The POV balance is a bit more even in the book, firmly written from three perspective rather than two with some occasional scenes from Lucius' perspective (which is what A WINTER WAR was.) I really liked seeing more from Lucius. Not only did it allow for a deeper look at the games being played by senior Romans and the various powers that had to be balanced, but also to see him struggling with the knowledge that the Roman command had lied to the Sarmatians and how he was stuck between the orders from on high and his own (good-faith) oaths to the Sarmatians.
I didn't, though, quite understand why Lucius felt Kai had betrayed him when the truth came out - which action in that moment meant both men felt betrayed by the other. Kai so clearly was betrayed (while Lucius had made the initial promise believing it to be true, he'd then held back the information once he knew the truth) but I couldn't see how his actions were a betrayal. He was hurt and so I was firmly on his side. It did mean that the emotional dynamic at the end didn't make sense and I never felt like Lucius had any right to feel hurt. He should have been grateful that Kai was still standing beside him!
One book to go in this trilogy and I am sure the cost will be high. While I wouldn't say this series is a tragedy (that implies to me that the events and disasters are personal failings that come from not being able to recognise and correct a personal flaw), it is bleak. Which is accurate to the history. You know it's going to end badly, but not because of the characters' decisions but because of the situations they're put in.
I confess I had never heard of the Sarmatians before reading this book but it seems I can be forgiven because in his Historical Note the author reveals that very little is known for certain about them. A nomadic, warlike people, they left no written records and minimal archaeological evidence. However, the events in the first book – their defeat by the Romans and a peace settlement the terms of which saw thousands of their warriors sent to the north of Britain – are based on fact.
The book focuses on one band of Sarmatians, made up of five hundred warriors, under their Roman commander, Lucius, who as a result of previous events has become a sort of ‘honorary’ Sarmatian. He’s described at one point as having the soul of a Sarmatian locked in a Roman body. Bound by an oath to serve as part of the Roman army for twenty-five years, the Sarmatians find themselves guarding one of the forts along Hadrian’s Wall against the threat of attack from tribes to the north. It’s not where they want to be. They pine for the wide open spaces of their homeland, ‘the long grass dancing with the wind, the wildflowers shining under the sun, the world open before them beneath an endless sky’. Instead they find themselves confined to the settlement around the fort, in the shadow of Hadrian’s Wall. ‘They saw their prison, the chain of stone that bound them, the symbol of a shameful defeat.’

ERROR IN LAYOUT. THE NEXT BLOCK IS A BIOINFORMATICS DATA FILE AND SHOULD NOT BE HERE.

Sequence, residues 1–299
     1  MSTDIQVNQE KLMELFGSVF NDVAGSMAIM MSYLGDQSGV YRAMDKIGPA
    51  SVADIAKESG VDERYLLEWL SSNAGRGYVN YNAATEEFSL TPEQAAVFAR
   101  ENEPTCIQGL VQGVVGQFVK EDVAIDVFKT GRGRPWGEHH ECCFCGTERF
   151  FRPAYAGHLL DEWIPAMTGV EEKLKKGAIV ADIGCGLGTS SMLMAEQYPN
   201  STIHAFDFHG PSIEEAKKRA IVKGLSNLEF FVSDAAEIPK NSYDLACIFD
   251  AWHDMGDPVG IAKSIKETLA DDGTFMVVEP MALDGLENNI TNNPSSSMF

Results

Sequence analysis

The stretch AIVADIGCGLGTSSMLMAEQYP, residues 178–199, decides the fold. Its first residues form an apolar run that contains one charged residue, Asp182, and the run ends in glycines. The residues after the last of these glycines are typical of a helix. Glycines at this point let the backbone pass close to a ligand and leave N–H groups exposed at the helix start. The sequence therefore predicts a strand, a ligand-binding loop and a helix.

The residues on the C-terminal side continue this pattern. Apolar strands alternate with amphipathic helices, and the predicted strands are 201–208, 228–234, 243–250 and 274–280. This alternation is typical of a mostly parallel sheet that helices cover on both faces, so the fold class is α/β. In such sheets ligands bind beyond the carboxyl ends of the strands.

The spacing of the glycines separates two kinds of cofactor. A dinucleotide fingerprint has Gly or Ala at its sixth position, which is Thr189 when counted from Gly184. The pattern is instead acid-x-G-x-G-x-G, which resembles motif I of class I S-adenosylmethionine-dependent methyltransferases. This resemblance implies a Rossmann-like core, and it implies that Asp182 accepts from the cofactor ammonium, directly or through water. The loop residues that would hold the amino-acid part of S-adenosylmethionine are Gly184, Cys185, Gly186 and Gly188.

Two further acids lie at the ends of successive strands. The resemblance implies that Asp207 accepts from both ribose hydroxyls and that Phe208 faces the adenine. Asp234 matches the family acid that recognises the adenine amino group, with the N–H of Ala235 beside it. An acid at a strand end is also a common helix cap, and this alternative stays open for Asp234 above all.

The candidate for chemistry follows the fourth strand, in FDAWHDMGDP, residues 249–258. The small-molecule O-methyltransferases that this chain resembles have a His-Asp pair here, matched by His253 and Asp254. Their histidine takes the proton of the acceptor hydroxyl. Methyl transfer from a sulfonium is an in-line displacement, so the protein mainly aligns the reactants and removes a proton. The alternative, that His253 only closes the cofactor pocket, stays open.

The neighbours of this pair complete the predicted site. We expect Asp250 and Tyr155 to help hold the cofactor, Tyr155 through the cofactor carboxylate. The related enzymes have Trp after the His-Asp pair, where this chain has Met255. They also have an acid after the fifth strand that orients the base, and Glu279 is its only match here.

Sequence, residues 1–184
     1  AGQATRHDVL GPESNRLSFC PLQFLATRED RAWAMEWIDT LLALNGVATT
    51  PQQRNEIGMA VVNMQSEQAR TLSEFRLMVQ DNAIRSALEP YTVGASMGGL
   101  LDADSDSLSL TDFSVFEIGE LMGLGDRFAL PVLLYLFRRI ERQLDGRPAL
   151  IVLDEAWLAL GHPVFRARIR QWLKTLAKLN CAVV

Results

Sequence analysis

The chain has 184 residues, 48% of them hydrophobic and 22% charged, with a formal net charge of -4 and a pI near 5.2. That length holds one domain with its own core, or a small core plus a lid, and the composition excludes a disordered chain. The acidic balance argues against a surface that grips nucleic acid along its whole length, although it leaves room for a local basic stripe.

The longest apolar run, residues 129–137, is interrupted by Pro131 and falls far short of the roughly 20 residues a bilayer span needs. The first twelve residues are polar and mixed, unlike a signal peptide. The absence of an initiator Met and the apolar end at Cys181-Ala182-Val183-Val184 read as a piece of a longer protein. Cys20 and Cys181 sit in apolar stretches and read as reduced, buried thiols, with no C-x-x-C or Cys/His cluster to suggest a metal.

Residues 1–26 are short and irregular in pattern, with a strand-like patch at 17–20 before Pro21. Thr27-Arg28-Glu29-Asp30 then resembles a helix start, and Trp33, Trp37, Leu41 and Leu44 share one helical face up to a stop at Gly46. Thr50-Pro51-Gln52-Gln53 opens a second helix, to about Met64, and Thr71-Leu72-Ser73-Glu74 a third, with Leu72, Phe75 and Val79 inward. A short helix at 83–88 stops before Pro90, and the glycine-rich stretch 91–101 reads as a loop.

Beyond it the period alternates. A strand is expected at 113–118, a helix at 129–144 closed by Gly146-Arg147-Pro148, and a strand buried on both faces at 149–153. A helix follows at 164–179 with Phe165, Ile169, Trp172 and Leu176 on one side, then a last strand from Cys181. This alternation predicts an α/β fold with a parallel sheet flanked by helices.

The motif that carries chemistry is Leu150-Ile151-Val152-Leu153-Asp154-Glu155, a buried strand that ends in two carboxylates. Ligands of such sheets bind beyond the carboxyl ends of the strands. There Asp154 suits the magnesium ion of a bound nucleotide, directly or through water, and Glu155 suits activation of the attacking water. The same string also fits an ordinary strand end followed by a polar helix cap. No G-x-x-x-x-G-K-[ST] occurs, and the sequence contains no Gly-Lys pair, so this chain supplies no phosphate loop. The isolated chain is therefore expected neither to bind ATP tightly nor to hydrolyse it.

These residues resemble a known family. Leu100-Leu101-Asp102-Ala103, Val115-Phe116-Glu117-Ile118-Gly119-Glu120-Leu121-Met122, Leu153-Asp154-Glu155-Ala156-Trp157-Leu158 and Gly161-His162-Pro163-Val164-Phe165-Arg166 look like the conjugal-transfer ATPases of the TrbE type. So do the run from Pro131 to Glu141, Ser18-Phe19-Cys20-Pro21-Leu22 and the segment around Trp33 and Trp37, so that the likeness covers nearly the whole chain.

The author gives the reader a fascinating insight into the Sarmatian people. What we learn is that they are bound together not just by ties of kinship but by sacred oaths and the belief that to die in battle is glorious. Their philosophy? ‘Given the choice between two paths, between safety and danger, one must always go toward sword and spear, and choose the iron way.’ And that’s not just the men because the Sarmatian women are warriors too.
The story is told from the point of view of three main characters – Lucius, his Sarmatian comrade Kai and Arite, the wife of Kai’s former friend. None of them is where they want to be. Lucius recognises his posting to the Wall is a sign of his fall from grace. And he soon discovers he is pawn in the hands of powerful and ambitious men. Kai longs to return to his homeland and see his daughter once again. Arite finds herself unable to use her skills as a warrior, consigned instead to a life of household drudgery. The frustration felt by the Sarmatians creates an atmosphere of extreme tension. Unused to the discipline of a Roman army, there are drunken brawls and petty rivalries.
There are some terrific action scenes that put the reader in the heart of the battle and reveal some quite remarkable aspects of the Sarmatians as a fighting force. But the writing throughout flows beautifully giving a real insight into the thoughts and feelings of a people quite different from ourselves – or at least those of us who don’t gallop across the steppes on huge heavily armoured horses trained to kill.
Having endured one betrayal, the end of the book sees Lucius come to the realisation that what lies ahead for the Sarmatians is a conflict not of their own making but one driven by the personal ambition of others.
I thought The Iron Way was brilliant. Its blend of fascinating historical detail, absorbing storyline, interesting characters and full-on action made it a thoroughly engrossing read. Roll on book three.